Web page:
Anthony McIntyre finds little of merit in recent comments by Bishop Kevin Doran.
His Haughtiness, Bishop Kevin Doran of Elphin, has forgotten nothing and learned less. On Monday he took to the airwaves to label Catholic Yes voters sinners for having the temerity to do what they, not he, felt was right. They cast their vote to assert that the constitutional right for a 31 year old woman should not be on a par with a zygote.
As for the rest of us who are not Catholics, we must be sinners as well. The Devil and Hell is hardly something we can avoid on the mere ground of not being Catholic. Maybe not being Catholic is enough for the bishop to secure us a hot spot in hell. But like the miracle, sin is a religious invention and should be of as much relevance as the dodo to all but those still bewitched by the magic of it all.
Doran, in venting his bishopric ire at Yes voters, seems wholly incapable of comprehending just how he and his ilk are viewed, their influence on a sharp downward spiral since, to use Gramscian terms, the secular war of position eventually led to wars of manoeuvre in key referenda where secularism began an unchecked advance in seizing solid ground. The Doran factor helps explain why the "Catholic Church is a religious rust belt of half empty churches."
With disdainful indifference to how modern society approaches problems, the bishops often appear indistinguishable from the sandwich board men who are sometimes to be found walking up and down city centre streets fulminating that nobody is panic stricken when they roar that the end of the world is nigh. A decreasing gaggle of priests in tow, attired in their dark garb that goes with those about whom there is something of the night, they inhabit the Ireland that time forgot.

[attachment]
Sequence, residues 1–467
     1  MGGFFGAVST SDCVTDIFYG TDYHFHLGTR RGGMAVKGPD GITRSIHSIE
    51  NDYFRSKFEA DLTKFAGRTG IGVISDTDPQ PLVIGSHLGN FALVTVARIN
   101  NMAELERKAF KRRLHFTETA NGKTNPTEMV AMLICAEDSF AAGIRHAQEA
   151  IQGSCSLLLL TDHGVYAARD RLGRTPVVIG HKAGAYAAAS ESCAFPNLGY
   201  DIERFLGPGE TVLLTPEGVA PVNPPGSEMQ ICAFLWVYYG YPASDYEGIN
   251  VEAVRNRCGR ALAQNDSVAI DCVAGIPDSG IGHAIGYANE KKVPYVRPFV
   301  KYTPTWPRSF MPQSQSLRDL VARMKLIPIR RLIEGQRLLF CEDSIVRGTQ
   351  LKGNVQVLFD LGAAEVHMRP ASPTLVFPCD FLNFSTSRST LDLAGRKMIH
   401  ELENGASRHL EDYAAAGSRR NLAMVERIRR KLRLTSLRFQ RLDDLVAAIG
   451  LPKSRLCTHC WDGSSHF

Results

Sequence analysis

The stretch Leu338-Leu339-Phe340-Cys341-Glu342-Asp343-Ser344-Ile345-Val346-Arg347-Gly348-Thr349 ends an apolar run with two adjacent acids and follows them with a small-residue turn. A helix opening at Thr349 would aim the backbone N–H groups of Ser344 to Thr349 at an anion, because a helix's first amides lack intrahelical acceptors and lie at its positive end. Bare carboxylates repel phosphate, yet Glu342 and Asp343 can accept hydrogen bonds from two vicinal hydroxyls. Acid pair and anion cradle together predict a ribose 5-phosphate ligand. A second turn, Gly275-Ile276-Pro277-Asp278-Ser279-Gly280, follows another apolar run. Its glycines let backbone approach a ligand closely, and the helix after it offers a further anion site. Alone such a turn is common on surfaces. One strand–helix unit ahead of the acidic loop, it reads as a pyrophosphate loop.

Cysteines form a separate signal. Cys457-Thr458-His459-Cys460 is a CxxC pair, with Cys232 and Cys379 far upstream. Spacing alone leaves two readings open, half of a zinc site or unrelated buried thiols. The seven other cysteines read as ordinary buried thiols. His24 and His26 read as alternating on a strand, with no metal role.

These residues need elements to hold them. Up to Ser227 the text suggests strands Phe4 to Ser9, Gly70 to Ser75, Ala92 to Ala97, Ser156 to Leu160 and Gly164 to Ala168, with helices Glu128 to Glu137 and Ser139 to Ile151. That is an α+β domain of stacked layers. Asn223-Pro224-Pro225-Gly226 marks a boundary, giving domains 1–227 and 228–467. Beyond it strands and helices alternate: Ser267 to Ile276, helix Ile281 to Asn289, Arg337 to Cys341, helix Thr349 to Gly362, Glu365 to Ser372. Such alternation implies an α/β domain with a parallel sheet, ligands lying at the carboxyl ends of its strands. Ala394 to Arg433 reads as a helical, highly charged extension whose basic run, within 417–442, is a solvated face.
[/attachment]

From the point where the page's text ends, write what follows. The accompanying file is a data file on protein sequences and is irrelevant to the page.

His Haughtiness has called on Catholics who voted Yes to shuffle off to confession so that somebody lower than his elevated self can receive them "with the same compassion as any other penitent", forgive them their sin through intercession with god. If the same compassion is shown to them as was shown to child raping priests, they will be told to say three Hail Marys before being sent off to another polling station to vote Yes again.
Bishop Doran is far removed from the late Archbishop of Olinda and Recife, Dom Helder Camara. For Camara it was about the poor. The impoverished spiritual aridity of Irish Catholicism compared to its immeasurably more fertile counterpart in regions of South America can be grasped in the title of a book by Camara, The Desert is Fertile.
Hard to imagine Camara not seeing the evil in calling a halt to clinical tests on the development of drugs to be used in the treatment of lung cancer that could prolong life, on the grounds that it might contravene Catholic ethos because female patients might have to take a contraceptive as part of the treatment programme. Claims to be pro-life in that setting are bishopric hot air.
Bishop Doran, like those who like to wrap themselves in a garment of piety solely for the purpose of hectoring everybody else, is largely irrelevant to people's daily lives and should stay clear of them altogether. He is one more in a long line of silly, celibate men who believe in a ghost, out of touch with the real needs of those in their diocese, whom they view as subjects. Those who voted Yes or women who decide to terminate their pregnancies, don’t need his forgiveness, don’t need his compassion, don’t need his approval for any choice they make. They are choosing and he is losing.
Helder Camara had people like Doran in mind when he wrote:
In the Father's house we shall meet Buddhists and Jews, Muslims and Protestants – even a few Catholics too, I dare say.
Rather than accusing people of being sinners who should go to confession he should have the humility to apologise to the women and children of Ireland for being a member of a hierarchy that historically has visited horrendous crimes upon them.
Anthony McIntyre blogs @ The Pensive Quill.